Hey Global Investor! Here’s what you need to know before the US markets open.
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🔥 Top Movers
Rent The Runway: Crash Landing?
Rent the Runway Inc. (RENT) – a platform to rent apparel, is planning $25M-$27M in annual cost savings. It will sacrifice nearly a quarter of its workforce to achieve that. It wants to transform itself into a company that can sustain revenue. Is there room to run on the runway, or has the flight crash-landed?
Landing Before Takeoff?
Rent the Runway began in 2009 as a four-day rental service by two Harvard Business School students. Four-day rentals ranged anywhere from $50 to $400. Over time, the company added a subscription model to make money. People pay $159 monthly to borrow pants, shirts, and other everyday items, or even rent outfits for special occasions. An individual can rent items for four to eight days with a free backup size and free returns.
The company has the backing of investors like Fidelity, Bain Capital & American Express. It became a unicorn in 2019 after Franklin Templeton and T. Rowe Price participated in its $125M funding round.
Pre-pandemic, the company reached a point where it could not handle customer growth. Instead, it sent out “We’re sorry” emails, promising to double its customer service staff, make it easier to cancel a subscription, and improve delivery issues. Back then, the overall churn, or the percentage of customers leaving, was at the lowest in years.
The pandemic, which crippled many-a-business, impacted Rent the Runway as well. After becoming a unicorn just a year earlier, it had to raise funds in a down round at a $750M valuation.
To keep its head above water, the company pivoted to offering a resale option to customers, where they can buy pre-owned designer outfits, similar to the business models of companies like Poshmark, The RealReal, and ThreadUp.
The pandemic, which crippled many-a-business, hit Rent the Runway as well. After becoming a unicorn just a year earlier, it had to raise funds in a down round at a $750M valuation. During the pandemic, the company pivoted to offer a resale option, where customers could buy pre-owned designer clothing, similar to the business models at Poshmark, The RealReal, and ThredUp. In the six months until July 2021, the company reported 127K subscribers.
By 2021, it generated $100M in revenue and went public the same year, selling shares in the IPO at $21 apiece
A Damaged Runway?
For the three months that ended in July, Rent the Runway reported revenue that beat estimates while its Loss Per Share narrowed from last year. However, a surprise drop in subscribers sent its already battered shares on a further downward spiral.
Key Highlights From Q2 2022:
- Revenue: $76.5M Vs $73.6M expected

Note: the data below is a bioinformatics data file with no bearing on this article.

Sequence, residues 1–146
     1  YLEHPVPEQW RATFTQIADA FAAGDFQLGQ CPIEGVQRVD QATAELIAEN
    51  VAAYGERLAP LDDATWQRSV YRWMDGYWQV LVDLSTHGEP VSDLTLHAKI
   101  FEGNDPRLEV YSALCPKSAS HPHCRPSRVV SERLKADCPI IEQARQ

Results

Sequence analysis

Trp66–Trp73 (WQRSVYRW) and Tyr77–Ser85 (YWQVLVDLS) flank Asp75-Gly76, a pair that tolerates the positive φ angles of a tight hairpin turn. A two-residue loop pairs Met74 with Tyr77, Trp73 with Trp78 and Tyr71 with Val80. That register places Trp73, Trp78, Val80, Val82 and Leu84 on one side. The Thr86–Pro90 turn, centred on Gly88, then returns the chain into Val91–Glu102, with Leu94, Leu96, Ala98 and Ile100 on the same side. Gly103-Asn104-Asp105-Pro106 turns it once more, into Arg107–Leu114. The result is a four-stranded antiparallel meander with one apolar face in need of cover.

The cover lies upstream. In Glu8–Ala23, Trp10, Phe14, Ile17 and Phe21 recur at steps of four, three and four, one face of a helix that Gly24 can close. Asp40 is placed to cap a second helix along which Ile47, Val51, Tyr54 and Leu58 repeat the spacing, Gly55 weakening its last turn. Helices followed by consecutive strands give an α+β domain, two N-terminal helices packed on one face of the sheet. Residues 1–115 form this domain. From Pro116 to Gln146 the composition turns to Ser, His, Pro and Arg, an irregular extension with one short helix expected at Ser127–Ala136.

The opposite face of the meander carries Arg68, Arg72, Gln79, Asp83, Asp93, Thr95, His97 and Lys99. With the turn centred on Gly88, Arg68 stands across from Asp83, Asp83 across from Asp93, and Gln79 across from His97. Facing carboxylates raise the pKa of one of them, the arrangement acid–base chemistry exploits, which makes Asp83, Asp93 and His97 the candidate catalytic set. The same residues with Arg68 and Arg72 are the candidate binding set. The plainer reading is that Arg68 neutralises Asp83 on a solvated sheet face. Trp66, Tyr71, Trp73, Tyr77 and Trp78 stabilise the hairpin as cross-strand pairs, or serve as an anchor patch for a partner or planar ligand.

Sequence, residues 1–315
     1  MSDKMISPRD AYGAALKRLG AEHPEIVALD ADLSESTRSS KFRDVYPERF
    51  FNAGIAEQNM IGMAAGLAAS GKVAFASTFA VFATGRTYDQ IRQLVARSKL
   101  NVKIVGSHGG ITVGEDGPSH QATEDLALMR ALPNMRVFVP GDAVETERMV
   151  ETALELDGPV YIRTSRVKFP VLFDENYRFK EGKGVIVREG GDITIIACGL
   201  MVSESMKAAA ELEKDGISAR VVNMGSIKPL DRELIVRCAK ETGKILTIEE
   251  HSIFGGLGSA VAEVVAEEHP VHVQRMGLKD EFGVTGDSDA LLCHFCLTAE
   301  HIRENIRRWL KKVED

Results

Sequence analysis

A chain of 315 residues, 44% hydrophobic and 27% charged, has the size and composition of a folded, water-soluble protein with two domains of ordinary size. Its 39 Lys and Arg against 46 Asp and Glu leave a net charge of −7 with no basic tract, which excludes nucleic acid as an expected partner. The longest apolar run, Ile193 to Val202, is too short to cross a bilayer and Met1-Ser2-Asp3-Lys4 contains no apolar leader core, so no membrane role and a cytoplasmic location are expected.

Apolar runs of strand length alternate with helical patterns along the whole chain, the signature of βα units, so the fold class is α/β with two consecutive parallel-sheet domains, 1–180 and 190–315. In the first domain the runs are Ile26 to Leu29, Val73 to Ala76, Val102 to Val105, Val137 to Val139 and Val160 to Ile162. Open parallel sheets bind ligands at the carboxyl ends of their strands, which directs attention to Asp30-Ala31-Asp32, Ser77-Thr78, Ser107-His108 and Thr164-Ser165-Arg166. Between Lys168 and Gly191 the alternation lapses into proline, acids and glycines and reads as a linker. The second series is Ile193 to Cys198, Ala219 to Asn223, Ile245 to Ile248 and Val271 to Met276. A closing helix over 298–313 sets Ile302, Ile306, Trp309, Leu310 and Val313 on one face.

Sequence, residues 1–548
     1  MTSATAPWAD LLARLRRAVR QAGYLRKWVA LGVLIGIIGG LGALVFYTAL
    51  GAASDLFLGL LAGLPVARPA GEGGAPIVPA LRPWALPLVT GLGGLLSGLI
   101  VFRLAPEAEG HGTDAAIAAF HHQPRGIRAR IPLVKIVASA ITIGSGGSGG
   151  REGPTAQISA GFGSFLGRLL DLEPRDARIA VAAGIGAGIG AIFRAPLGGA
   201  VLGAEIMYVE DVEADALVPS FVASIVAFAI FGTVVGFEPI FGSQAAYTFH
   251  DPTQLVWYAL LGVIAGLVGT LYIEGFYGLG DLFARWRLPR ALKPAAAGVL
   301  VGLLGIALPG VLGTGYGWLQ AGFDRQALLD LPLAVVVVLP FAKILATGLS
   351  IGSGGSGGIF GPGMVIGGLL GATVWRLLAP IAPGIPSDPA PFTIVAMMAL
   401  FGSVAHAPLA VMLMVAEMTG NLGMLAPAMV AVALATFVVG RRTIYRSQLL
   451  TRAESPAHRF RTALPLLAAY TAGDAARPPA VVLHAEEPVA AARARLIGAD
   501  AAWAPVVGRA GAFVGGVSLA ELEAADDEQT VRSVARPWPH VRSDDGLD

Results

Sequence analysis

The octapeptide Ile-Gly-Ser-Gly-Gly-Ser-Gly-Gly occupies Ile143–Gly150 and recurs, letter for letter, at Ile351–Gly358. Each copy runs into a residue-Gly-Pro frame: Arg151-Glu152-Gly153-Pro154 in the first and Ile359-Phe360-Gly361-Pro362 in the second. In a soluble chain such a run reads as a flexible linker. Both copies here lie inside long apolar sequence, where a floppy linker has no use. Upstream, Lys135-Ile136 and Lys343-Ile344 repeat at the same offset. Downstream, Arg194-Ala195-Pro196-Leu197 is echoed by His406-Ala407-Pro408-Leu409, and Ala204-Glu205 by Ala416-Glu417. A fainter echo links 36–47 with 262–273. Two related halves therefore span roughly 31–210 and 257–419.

- Loss Per Share: $0.53 Vs $0.65 expected
- Active Subscribers: 124K Vs 143K expected
- Net Loss: $33.9M Vs $42.4M year-on-year
The management noticed subscribers starting to pause or end their subscriptions beginning mid-June. CEO Jenifer Hyman admitted during the earnings call that people’s style of living has changed drastically in 2022 compared to pre-pandemic and that the company is still analyzing the change in consumer behavior, especially during a challenging macroeconomic environment.
Hyman also said that its subscription business might experience more seasonal peaks and troughs if remote and hybrid work models get adopted by more companies globally. Pre-Pandemic, most of the company’s business came from women shopping for work clothes. But that figure is now down to a mere 20% of rentals.
Rent the Runway also noticed a trend similar to that of some other retailers this quarter – Consumer demand saw a temporary decline in June, when gas prices shot through the roof and a recovery in August and September as some geared up for the back-to-school season. What triggered the dip in demand and what triggered the recovery remains unclear.
The company announced the trimming of 24% of its corporate workforce to accelerate its path to profitability. The layoffs, part of the company’s restructuring plan, will aid annual cost savings worth $25M – $27M. The restructuring will reorganize certain functions and reallocate resources, along with the layoffs. Peers like Stitch Fix already cut around 330 jobs or 15% of salaried positions in June.
The management expects that the restructuring will aid the company’s medium-term profitability. As a result, it raised its annual EBITDA margin guidance. The company now expects flat to negative 2% margins from the earlier guidance of a negative 6%.
At least five brokerages cut their stock price targets, with one even downgrading the company. However, one analyst remains optimistic about the company’s prospects, taking heart from the rebound in subscribers seen during August and September.
Rent the Runway’s shares have lost nearly all their value and are struggling to keep their head above water. It needs more people to start renting their outfits regularly, but more importantly, it needs a turnaround plan to take the company out of troubled waters without any more layoffs. Unfortunately, such plans cannot be rented for four days or acquired on a subscription basis!
RENT ended at $3.02, down 38.74%.
Company Snapshot 📈
RENT $3.02 -1.91 (-38.74%)
Analyst Ratings (11 Analysts) BUY 82% HOLD 18% SELL 00%
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Later Today 🕒
- Li-Cycle Holdings Corp. Earnings (LICY)
- RF Industries Ltd. Earnings (RFIL)
- 6:00 PM IST: Producer Price Index
Today’s Fun Fact
The T-shirt is one of the most popular items of clothing in the world, and around two billion of them are sold every single year.